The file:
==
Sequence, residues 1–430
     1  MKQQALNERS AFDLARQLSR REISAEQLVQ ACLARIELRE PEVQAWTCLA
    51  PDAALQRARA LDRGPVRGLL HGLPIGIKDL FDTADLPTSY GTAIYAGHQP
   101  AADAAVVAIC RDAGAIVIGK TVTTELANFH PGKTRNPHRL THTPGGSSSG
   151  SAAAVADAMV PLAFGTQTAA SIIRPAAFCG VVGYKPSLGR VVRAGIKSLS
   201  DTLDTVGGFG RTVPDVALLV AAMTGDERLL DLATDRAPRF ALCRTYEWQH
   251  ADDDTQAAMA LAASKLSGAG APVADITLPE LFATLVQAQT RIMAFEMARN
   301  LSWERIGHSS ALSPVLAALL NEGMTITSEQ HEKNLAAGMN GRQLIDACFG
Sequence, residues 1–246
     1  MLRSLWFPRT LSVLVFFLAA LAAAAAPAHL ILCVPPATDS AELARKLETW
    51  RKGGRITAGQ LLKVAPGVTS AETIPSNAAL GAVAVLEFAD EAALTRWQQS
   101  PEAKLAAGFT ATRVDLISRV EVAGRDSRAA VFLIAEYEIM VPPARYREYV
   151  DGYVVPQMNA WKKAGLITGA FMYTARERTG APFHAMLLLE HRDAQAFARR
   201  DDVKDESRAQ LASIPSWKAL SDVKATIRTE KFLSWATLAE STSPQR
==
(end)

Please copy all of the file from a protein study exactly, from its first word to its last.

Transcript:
Sequence, residues 1–430
     1  MKQQALNERS AFDLARQLSR REISAEQLVQ ACLARIELRE PEVQAWTCLA
    51  PDAALQRARA LDRGPVRGLL HGLPIGIKDL FDTADLPTSY GTAIYAGHQP
   101  AADAAVVAIC RDAGAIVIGK TVTTELANFH PGKTRNPHRL THTPGGSSSG
   151  SAAAVADAMV PLAFGTQTAA SIIRPAAFCG VVGYKPSLGR VVRAGIKSLS
   201  DTLDTVGGFG RTVPDVALLV AAMTGDERLL DLATDRAPRF ALCRTYEWQH
   251  ADDDTQAAMA LAASKLSGAG APVADITLPE LFATLVQAQT RIMAFEMARN
   301  LSWERIGHSS ALSPVLAALL NEGMTITSEQ HEKNLAAGMN GRQLIDACFG
Sequence, residues 1–246
     1  MLRSLWFPRT LSVLVFFLAA LAAAAAPAHL ILCVPPATDS AELARKLETW
    51  RKGGRITAGQ LLKVAPGVTS AETIPSNAAL GAVAVLEFAD EAALTRWQQS
   101  PEAKLAAGFT ATRVDLISRV EVAGRDSRAA VFLIAEYEIM VPPARYREYV
   151  DGYVVPQMNA WKKAGLITGA FMYTARERTG APFHAMLLLE HRDAQAFARR
   201  DDVKDESRAQ LASIPSWKAL SDVKATIRTE KFLSWATLAE STSPQR